ganstaman 77 ( +1 | -1 )
And even so, equality isn't something that should be avoided like the plague! Show me 1 opening where black plays reasonably and doesn't eventually get equality.

There are many potential reasons why it's not played by super GMs right now (simply stylistic, too sharp = too much chance of losing by 1 small inaccuracy, gives black easy equality instead of letting him choose something unbalanced and inferior, too much analysis on too many lines = black is more in control over which variation is played), but none of these relate to those of us rated down here. You get an exciting game with equal chances for both sides. Whoever makes the last mistake loses and the other player wins, simple as that.
ionadowman 90 ( +1 | -1 )
Just to widen your horizons... ... There are more obscure King's Gambit lines to consider:
After 1.e4 e5 f4 exf4 ...
(1) 3.Nc3 the ultra sharp Keres Gambit. Black usually responds with 3...Qh4 and it's all on.
(2) 3.Qf3 No, I'm not making this up: it's the Breyer Gambit. Capablanca once played it.It has to be admitted, though, that the move envisages a posiotional treatment of the Gambit, based on his Q-side majority.
(3) 3.Kf2 Crazy, but just playable: the King's Own Gambit, a.k.a the Tumbleweed. Black wipes out White's K-side infantry, but White gets very active piece play in compensation.
(4) 3.d4?? I believe this leads to a forced win for Black after 3...Qh4ch. However, the related Steinitz Gambit arises from the Vienna: 1.e4 e5 2.Nc3 Nc6 3.f4 exf4 4.d4... The result is similar to the Keres: 4...Qh4ch 5.Ke2 d6 (or Black can try 5...d5) 6.Nf3 Bg4 7.Bxf4 ..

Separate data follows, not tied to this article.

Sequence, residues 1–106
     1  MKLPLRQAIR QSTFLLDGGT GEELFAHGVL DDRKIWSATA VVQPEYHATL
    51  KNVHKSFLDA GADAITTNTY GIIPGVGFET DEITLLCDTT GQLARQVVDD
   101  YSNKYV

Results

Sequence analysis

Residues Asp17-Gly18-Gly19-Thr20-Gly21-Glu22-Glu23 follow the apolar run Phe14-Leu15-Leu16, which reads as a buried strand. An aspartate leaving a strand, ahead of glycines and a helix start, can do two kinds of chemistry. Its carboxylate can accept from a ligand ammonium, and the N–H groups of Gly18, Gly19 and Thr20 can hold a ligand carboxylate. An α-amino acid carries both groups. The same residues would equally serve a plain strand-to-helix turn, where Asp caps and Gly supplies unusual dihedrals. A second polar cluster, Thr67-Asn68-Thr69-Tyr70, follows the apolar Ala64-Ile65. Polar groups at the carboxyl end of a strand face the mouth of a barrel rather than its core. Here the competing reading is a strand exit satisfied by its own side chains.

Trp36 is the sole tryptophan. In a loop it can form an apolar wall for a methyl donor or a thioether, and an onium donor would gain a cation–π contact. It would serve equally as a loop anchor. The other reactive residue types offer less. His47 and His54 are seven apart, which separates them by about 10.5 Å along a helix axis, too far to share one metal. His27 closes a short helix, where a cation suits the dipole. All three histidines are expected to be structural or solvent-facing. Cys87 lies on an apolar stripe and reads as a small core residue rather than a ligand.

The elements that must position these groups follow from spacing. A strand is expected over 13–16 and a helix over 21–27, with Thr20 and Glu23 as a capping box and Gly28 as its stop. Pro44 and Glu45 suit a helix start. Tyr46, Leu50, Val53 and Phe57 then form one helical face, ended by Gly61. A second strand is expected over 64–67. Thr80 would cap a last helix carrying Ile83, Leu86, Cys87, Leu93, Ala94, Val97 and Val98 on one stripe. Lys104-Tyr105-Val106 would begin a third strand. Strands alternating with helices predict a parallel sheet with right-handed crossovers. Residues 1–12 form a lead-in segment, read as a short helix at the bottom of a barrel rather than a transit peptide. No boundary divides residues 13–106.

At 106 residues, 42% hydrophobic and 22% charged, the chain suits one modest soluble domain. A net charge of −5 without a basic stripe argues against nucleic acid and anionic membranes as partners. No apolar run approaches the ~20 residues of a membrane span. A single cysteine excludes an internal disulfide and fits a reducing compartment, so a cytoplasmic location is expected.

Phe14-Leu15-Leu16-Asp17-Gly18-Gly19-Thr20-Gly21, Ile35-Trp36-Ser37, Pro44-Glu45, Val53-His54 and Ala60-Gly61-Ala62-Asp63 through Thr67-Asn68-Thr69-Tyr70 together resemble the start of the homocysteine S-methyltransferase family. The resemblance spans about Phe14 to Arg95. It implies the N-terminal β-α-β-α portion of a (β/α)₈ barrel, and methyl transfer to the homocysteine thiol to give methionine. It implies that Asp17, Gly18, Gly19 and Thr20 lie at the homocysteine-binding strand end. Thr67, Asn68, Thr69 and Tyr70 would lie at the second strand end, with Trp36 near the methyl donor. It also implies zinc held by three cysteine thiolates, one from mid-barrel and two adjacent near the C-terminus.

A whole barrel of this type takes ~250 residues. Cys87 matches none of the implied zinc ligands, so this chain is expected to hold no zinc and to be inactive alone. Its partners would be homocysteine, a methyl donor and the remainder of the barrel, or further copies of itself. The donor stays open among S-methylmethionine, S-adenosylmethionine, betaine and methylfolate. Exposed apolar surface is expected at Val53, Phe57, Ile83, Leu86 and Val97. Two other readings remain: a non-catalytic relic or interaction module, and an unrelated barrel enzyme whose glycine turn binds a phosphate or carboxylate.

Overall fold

(5) 3.Be2 The Lesser bishop's Gambit, played by Tartakover ...
There's plenty to work with the King's Gambit even from hust the third move, so go to it!
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vertho 154 ( +1 | -1 )
Like ganstaman and kaf1 say, 3.Nf3 is quite playable. Especially on lower levels.
I should probably have clarified that i was speaking about why theory has moved away from the knights gambit.

However, i would like to say that my personal experience with it is not as good. Like i stated above, i often end up with a crowded kingside. This is true for both 3...d6 and d5, but i really don't like playing against d6(fischer defence). But this is more of a personal preference really.

As far as you asking me for one opening where, given that black plays correctly, he doesn't get equality; there are several to choose from. Given that both black and white play correctly, at the end of the opening theory things will still be status quo. which means that white still has the initiative. And all other things being equal, the initiative means an extra tempo. Which is an advantage. not equality.

Now i'm not saying that i disagree with you on the whole "don't get freeked out about equality" statement. I agree. The lower you go scill-wise the less this has to say. But i wouldn't recommend Nf3 simply because there is too much theory and the defences against it really doesn't leave black in any pressure. In fact i think black is very early on already playing for the advantage.

I recommend 3.Bc4 and stick with it. There is less theory, you don't meet a kingside pawn rush kicking you king's knight, and there are bunches of fun traps for you to try out. The trap part is especially true for lower levels.

kansaspatzer 17 ( +1 | -1 )
It is absolutely essential to know how to handle 1.e4 e5 2.f4 d5, which often leads to the Falkbeer Countergambit after 3.ed e4: which at least around here, is a fairly popular reaction.
loreta 1 ( +1 | -1 )
Yep I play 2. ... d5, too :)
eqj2 4 ( +1 | -1 )